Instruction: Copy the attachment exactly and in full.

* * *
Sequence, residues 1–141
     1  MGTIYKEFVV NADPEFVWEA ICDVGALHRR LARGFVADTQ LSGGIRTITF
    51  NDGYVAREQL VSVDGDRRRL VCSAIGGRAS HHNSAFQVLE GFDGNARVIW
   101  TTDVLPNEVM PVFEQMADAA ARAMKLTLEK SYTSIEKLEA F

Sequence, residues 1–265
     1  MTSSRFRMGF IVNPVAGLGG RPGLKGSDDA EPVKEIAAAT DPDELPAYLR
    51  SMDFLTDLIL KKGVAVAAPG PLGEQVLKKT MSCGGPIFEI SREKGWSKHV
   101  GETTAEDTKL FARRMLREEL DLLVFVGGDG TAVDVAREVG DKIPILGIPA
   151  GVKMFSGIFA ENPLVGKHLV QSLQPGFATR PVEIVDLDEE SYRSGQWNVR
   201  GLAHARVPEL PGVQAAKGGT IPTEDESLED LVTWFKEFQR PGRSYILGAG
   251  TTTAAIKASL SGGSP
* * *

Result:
Sequence, residues 1–141
     1  MGTIYKEFVV NADPEFVWEA ICDVGALHRR LARGFVADTQ LSGGIRTITF
    51  NDGYVAREQL VSVDGDRRRL VCSAIGGRAS HHNSAFQVLE GFDGNARVIW
   101  TTDVLPNEVM PVFEQMADAA ARAMKLTLEK SYTSIEKLEA F

Sequence, residues 1–265
     1  MTSSRFRMGF IVNPVAGLGG RPGLKGSDDA EPVKEIAAAT DPDELPAYLR
    51  SMDFLTDLIL KKGVAVAAPG PLGEQVLKKT MSCGGPIFEI SREKGWSKHV
   101  GETTAEDTKL FARRMLREEL DLLVFVGGDG TAVDVAREVG DKIPILGIPA
   151  GVKMFSGIFA ENPLVGKHLV QSLQPGFATR PVEIVDLDEE SYRSGQWNVR
   201  GLAHARVPEL PGVQAAKGGT IPTEDESLED LVTWFKEFQR PGRSYILGAG
   251  TTTAAIKASL SGGSP